First Nations universally desire to replace the current top-down system of control and dependence, with processes and structures that empower decision-making at the grassroots level.

Conflict and tension across multiple Indigenous interests is often structurally embedded and reinforced, rather than being effectively reconciled and harnessed for collective impact.

  • Fragmented governance and decision-making currently disempowers the grassroots.
  • Pama Futures builds clearer, more cohesive decision-making across the three streams.
  • Empowerment co-design and decision-making must be broad and participatory.
  • Land Rights decisions must continue to respect that traditional owners have the full say.
  • Good decision-making in both the Land Rights and Empowerment streams is required to support Economic Development decision-making.

Decision-making in Land Rights, Empowerment and Economic Development

The first priority of Pama Futures is empowering the grassroots.

This means accommodating multiple, overlapping and intersecting Indigenous interests—including the interests of individuals, families, clans and First Nations, and Indigenous organisations—in a way that builds responsibility, capability and empowerment, abides by the principle of subsidiarity, is as inclusive as possible, and respects cultural authority.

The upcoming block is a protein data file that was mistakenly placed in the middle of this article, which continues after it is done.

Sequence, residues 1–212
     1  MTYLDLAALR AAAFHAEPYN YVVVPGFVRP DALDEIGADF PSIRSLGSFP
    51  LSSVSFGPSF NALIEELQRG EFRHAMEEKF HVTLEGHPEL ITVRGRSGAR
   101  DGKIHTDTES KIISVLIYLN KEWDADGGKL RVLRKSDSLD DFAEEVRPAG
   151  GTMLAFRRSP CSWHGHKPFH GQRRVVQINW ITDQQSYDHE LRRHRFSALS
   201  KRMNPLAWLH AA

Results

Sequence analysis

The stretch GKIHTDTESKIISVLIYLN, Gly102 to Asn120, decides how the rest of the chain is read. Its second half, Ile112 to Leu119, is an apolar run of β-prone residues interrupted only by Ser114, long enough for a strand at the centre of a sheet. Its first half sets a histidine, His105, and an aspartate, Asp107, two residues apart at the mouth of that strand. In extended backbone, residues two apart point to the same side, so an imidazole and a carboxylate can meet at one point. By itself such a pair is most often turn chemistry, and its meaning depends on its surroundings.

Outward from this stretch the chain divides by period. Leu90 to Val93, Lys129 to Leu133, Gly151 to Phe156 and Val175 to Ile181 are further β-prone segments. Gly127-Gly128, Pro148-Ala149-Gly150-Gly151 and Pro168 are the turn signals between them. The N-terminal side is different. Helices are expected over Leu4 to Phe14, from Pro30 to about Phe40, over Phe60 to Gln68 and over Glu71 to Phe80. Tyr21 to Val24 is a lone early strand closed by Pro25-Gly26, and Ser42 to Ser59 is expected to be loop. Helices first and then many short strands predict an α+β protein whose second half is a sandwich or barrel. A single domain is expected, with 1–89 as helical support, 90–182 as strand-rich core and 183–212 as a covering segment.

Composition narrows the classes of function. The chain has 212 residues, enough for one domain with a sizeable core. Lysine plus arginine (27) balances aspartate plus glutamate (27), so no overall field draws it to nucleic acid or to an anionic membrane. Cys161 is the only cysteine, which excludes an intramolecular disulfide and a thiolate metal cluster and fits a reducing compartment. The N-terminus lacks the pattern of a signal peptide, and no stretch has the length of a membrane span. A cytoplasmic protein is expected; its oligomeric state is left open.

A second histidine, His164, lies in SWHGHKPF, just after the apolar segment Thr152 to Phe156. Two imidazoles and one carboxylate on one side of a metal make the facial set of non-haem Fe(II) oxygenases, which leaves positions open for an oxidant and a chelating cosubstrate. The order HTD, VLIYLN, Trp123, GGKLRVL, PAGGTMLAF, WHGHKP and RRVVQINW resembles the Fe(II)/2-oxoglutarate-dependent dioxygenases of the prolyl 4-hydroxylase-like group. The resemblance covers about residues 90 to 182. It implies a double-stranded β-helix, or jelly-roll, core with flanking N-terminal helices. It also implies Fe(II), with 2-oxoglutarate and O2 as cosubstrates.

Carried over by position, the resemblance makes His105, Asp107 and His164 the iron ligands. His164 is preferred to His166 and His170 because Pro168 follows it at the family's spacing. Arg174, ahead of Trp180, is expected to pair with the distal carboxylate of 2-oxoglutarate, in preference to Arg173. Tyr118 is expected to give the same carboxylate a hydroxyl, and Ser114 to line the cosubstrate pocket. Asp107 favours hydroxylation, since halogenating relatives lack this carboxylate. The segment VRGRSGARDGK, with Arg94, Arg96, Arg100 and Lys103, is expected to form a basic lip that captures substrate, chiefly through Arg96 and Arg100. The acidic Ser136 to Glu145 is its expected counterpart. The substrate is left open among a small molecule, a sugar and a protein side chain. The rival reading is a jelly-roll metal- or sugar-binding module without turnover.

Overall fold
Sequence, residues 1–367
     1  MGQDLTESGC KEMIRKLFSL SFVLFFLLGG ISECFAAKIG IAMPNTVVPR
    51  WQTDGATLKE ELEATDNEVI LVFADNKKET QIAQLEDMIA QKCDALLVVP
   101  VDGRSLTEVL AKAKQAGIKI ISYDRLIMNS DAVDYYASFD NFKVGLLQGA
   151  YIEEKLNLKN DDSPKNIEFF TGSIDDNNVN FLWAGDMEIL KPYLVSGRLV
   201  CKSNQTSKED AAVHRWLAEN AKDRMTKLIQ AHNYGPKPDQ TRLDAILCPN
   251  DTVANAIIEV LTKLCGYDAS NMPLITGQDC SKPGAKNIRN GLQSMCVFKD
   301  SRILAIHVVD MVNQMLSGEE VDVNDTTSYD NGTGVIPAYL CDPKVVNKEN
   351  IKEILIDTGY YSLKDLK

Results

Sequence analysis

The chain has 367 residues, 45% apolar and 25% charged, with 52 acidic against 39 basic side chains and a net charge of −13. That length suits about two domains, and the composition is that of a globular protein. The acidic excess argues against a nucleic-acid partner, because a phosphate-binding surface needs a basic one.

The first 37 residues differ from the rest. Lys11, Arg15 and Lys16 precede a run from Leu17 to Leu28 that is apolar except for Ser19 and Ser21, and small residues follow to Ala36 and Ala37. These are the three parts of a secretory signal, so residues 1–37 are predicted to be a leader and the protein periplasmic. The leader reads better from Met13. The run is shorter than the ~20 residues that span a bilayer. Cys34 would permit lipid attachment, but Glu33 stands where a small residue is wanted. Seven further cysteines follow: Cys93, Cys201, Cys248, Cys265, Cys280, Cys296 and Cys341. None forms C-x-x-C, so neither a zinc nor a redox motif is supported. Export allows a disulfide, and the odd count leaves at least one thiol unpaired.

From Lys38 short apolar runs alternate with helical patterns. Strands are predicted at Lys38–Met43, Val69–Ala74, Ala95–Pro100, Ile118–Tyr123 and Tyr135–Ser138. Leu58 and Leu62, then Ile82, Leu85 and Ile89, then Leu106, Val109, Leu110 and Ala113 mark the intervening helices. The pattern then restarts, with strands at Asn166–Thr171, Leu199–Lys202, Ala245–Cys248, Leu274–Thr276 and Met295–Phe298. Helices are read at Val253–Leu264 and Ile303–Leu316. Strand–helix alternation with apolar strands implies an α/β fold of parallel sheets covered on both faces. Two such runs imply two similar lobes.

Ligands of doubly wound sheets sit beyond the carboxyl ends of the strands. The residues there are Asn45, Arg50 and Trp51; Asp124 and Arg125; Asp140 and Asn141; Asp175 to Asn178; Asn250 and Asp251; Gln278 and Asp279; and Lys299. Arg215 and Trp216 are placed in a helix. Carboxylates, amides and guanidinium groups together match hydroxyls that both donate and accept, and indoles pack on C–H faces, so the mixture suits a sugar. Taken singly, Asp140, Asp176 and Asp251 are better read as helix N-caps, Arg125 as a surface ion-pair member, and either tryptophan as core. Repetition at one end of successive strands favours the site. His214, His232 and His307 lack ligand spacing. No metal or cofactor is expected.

For example, when it comes to participating in and making decisions about the community and its future, including in terms of services and budgets, everyone residing in the community should be able to participate and have a voice.

Cape York’s 17 Indigenous communities are artefacts of the mission-era and residents include traditional owners and those who have multigenerational historical and residential association with the community.

There are also a diaspora of people living in places such as Cairns that continue to have an interest in their home community and their ancestral lands.

Those living elsewhere may also wish to participate in some decision-making about their community and/or ancestral lands from time-to-time, and they should be included or involved via family discussions and arrangements.

Pama Futures has introduced a new focus on planning and organisation at the level of the 12 sub-regions of Cape York.

The sub-regional focus contrasts with the usual approach which focuses almost exclusively on Indigenous communities.

A new focus on the broader sub-region is needed so that the land surrounding communities is better included in planning processes.

Areas of land surrounding communities where Land Rights are recognised must form a significant part of the development story if people are going to reduce their dependence on government and sustain themselves from their land.

Communities remain important, indeed, they are key focal points within each sub-region. The map presented here is an example of how sub-regions might form to develop local agendas – but communities will decide how best to work together.